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Triathlete Love: Sorry Seems To Be The Hardest Word

  • By Susan Lacke
  • Published Oct 4, 2013
Photo: Shutterstock.com

A little remorse goes a long way, writes Susan Lacke.

“I’m sorry.”

Two words that are so simple to utter, yet so hard to say.

Triathletes tend to be stubborn. That works in our favor during our sport, especially if we call this trait something else – like tenacity, resolve, or drive. But at the end of the day, we’re just a bunch of obstinate bullheads who are always (always!) right.

But relationships are not triathlons. As I’ve learned, being stubborn only works against me in my relationship with my partner, Neil. As much as I’d love to insist that I am a perfect specimen, the truth is that I screw up a lot. My blunder count seems to be highest around this time of the season, when the majority of my brain cells have been chlorinated and wind-whipped into submission.

But lately, I seem to be on an especially idiotic streak. Neil has to put up with enough of my crap as it is (and for this, he should be sainted) so when I cause a bad situation with my own training-induced stupidity, I put my pride aside and try to rectify the problem immediately.

So, honey, if you’re reading this:

I’m sorry for what I said when I was hungry. Besides, I don’t think it’s anatomically possible for anyone to even do that with a peanut butter and jelly sandwich.

I apologize for the unsolicited feedback on your swim stroke at the pool. In hindsight, “drunken labrador retriever” was probably a poor choice of words.

I did not realize you bought those cookies for the kid’s birthday party. I truly thought you were celebrating my taper in a very festive way! Really, that I ate a dozen of them in one sitting is a compliment to your cookie-selection prowess.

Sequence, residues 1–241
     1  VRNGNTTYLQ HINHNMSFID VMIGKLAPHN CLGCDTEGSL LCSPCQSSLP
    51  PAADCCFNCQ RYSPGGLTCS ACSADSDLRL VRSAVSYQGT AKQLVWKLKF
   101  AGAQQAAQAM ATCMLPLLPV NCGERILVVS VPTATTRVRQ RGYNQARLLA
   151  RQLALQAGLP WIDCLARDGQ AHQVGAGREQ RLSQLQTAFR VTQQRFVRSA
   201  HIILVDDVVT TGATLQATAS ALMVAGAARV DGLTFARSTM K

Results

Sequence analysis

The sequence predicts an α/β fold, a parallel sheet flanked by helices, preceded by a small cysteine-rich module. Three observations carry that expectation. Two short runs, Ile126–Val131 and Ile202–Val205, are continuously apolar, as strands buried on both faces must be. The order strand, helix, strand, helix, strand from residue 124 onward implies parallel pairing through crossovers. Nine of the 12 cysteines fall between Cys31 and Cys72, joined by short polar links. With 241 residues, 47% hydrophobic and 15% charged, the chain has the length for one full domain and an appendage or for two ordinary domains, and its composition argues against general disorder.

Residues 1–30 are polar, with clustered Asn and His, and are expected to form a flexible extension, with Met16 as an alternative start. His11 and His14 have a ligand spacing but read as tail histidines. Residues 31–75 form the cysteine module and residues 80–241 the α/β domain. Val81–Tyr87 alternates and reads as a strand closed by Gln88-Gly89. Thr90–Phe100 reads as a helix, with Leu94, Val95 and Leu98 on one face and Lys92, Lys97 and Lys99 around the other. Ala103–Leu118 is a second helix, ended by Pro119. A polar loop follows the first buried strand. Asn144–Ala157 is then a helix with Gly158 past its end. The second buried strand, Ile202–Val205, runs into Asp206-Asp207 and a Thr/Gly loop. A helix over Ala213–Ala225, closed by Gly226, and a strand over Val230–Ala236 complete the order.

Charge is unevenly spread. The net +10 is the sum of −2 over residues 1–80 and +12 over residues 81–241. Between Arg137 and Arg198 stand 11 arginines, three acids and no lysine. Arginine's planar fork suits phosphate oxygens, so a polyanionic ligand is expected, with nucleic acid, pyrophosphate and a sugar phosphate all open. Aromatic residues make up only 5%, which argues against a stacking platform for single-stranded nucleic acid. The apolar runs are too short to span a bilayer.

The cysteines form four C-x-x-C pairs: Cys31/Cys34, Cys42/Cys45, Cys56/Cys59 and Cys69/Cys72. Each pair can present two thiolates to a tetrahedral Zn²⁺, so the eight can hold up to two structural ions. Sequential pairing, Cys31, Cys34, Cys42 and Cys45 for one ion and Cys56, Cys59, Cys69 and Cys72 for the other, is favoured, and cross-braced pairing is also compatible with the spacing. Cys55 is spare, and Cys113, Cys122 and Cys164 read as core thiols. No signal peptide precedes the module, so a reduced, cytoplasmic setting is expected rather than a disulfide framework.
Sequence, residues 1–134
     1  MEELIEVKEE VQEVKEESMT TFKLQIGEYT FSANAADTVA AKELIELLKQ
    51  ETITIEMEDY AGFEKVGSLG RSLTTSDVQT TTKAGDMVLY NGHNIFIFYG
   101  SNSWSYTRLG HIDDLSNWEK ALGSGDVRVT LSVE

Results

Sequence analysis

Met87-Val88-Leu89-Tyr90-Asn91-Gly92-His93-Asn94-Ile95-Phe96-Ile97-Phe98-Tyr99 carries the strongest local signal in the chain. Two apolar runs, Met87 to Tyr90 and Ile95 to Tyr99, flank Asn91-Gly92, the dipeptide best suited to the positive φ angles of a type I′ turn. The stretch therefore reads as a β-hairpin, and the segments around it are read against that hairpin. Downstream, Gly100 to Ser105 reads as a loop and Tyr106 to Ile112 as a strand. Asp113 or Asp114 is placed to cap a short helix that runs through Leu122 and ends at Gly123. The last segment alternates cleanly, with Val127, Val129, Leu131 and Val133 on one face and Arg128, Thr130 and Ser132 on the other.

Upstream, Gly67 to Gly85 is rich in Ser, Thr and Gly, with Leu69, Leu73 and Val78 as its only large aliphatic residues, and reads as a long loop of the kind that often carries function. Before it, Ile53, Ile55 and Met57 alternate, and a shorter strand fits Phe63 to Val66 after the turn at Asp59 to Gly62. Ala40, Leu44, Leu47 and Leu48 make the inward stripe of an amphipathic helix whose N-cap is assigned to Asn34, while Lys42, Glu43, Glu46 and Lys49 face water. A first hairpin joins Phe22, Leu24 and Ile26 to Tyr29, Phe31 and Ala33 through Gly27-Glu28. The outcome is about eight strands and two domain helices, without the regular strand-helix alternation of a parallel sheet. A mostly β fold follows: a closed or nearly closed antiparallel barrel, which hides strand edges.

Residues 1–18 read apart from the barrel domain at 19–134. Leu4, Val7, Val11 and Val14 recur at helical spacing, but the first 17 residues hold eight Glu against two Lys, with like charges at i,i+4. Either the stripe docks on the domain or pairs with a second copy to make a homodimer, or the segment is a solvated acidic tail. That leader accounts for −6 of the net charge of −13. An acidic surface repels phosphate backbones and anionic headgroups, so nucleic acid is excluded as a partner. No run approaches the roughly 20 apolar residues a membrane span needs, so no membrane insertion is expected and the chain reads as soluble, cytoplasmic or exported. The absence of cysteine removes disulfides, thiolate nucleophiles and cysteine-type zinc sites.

In the future, I will inquire about you and your limbs before I ask how your bike fared in a crash. Though a knee-jerk reaction, it was the wrong thing to say.

You shouldn’t have had to smell that. Who knew those nutrition bar samples would give me such bad gas?

I now understand that mirrored sunglasses do not hide my eyes completely, and I apologize for ogling the pro triathletes while we were watching the race. Your butt is much nicer-looking. I swear.

I’m sorry I ruined our towels while washing my bike.

I’m sorry I ruined our replacement towels at the open water swim.

I’m sorry I ruined our replacements for the replacement towels by…you know what, I’m just going to go open a credit account with the department store now.

Though you’ve long talked about getting a new scale with all the body-fat and water content bells and whistles, perhaps giving you one for our anniversary was bad timing on my part. I promise you, there was no hidden message there.

I’m sorry for asking you to look at my saddle sore. Next time, I’ll wait at least an hour before trying to initiate sexy time. Lesson learned.

I’m sorry for all the stupid things I did this season.

While I’m at it, honey:

I apologize in advance for all the stupid things I will do next season, too.

More Triathlete Love columns from Susan Lacke.

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